The Georgia General Assembly voted to let the voters decided on the controversial Opportunity School District (OSD) proposal during the November 2016 Election. If it passes it would allow the Governor’s office to take over nearly 140 of the state’s failing school systems, as rated by the College and Career Ready Performance Index (CCRPI), and based on three consecutive years of low CCRPI ratings. Sixty of those schools are in Metro Atlanta. Supports said the plan give all students a chance for a good education. But opponents of OSD said it’s not about helping students, but about making money.
In April, Georgia students, parents and teachers experienced the new Georgia Milestones Exam and Common Core Standards. The Milestones replaced the state’s 14 year old CRCT and is in lined with Common Core Standards. It presented new testing experiences like open ended questions, and taking the test on computers. The Milestones required students to use critical thinking skills. With the nationwide debate already in place about Common Core Standards, there was the additional concern that Georgia students would not do well on this first testing effort. Parents and teachers pointed to critical issues like the fate of students taking the test for the first time and needing to pass it in order to be promoted.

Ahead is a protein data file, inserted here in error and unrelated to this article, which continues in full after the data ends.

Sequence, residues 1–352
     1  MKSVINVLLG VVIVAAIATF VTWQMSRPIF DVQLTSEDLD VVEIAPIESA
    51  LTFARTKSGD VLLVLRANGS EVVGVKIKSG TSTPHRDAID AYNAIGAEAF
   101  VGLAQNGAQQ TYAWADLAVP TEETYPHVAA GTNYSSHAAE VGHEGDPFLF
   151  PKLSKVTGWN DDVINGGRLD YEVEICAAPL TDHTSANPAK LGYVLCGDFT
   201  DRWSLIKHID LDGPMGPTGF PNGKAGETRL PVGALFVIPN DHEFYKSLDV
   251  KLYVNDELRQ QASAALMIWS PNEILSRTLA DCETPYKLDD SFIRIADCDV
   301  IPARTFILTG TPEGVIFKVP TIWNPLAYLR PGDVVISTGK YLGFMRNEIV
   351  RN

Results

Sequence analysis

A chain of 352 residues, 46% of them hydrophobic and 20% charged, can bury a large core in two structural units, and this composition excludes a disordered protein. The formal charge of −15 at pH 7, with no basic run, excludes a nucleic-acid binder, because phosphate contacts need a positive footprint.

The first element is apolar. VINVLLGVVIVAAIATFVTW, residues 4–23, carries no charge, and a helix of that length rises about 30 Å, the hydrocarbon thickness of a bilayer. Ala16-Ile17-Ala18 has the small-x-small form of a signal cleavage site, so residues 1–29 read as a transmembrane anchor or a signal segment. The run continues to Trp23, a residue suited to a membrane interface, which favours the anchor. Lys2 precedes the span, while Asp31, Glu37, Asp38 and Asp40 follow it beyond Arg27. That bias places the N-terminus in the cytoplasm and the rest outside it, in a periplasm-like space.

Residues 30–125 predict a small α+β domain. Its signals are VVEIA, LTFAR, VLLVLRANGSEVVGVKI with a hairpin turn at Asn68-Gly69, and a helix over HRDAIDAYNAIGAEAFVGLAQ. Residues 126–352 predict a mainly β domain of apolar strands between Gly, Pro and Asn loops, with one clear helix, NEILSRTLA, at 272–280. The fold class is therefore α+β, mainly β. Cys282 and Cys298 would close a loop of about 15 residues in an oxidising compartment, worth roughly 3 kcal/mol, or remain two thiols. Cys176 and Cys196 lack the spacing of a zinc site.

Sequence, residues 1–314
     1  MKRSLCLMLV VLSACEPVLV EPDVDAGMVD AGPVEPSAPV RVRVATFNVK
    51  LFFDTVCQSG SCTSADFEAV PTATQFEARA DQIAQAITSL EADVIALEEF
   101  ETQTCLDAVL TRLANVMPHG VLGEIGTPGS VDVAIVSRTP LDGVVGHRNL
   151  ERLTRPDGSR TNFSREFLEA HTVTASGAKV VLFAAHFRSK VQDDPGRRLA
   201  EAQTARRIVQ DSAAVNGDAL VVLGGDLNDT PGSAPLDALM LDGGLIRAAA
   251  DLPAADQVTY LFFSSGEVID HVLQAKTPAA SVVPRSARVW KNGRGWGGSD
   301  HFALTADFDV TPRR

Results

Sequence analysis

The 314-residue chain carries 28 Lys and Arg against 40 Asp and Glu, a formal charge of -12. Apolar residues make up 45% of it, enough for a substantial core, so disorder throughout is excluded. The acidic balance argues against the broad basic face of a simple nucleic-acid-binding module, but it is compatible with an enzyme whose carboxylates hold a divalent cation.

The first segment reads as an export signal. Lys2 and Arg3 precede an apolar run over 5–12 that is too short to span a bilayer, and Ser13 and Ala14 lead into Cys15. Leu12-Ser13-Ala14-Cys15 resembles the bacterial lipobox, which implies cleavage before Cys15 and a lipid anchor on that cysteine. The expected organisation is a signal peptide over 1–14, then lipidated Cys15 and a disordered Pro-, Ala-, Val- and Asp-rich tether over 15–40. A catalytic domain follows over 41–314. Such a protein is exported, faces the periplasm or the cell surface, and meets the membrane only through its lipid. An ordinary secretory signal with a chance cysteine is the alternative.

In March 2015 many parents participated in the nationwide Opt Out Movement, and both supporters and opponents of Common Core made their voices heard in petitions, promotions and news reports. As Metro Atlanta school districts reviewed their Milestones test results in November 2015, this year’s Milestones test did count against students who did not do well. However, the 2016 assessment will count for all students.
DeKalb County Schools wrapped up an intensive search for its new school superintendent. But it was not before a community plea for the school board to keep former Georgia Labor Commissioner, Michael Thurmond in the position. Thurmond stepped in as interim superintendent in 2013 and was later named Superintendent. He led the District through some critical phases including directing the District’s move from probation status to one step away from full accreditation, noted in March of 2015.
On May 13, 2015, the DeKalb County School Board announced Dr. R. Stephen Green of the Kansas City School District as DeKalb’s new school superintendent. Like Thurmond, the Kansas City community did not want Green to leave either. Both men share similar accreditation successes, improvements in graduation rates and balanced district budgets.
As summer came to an end, Metro Atlanta school systems looked to big changes including the opening of new and renovated facilities in districts like Fulton and Gwinnett counties. Thanks to the eSPLOST, one-penny sales tax approved by Fulton County taxpayers, students there return to school with assigned mobile device for personalized learning. The District used both tables and laptops, and allowed students to take the devices home.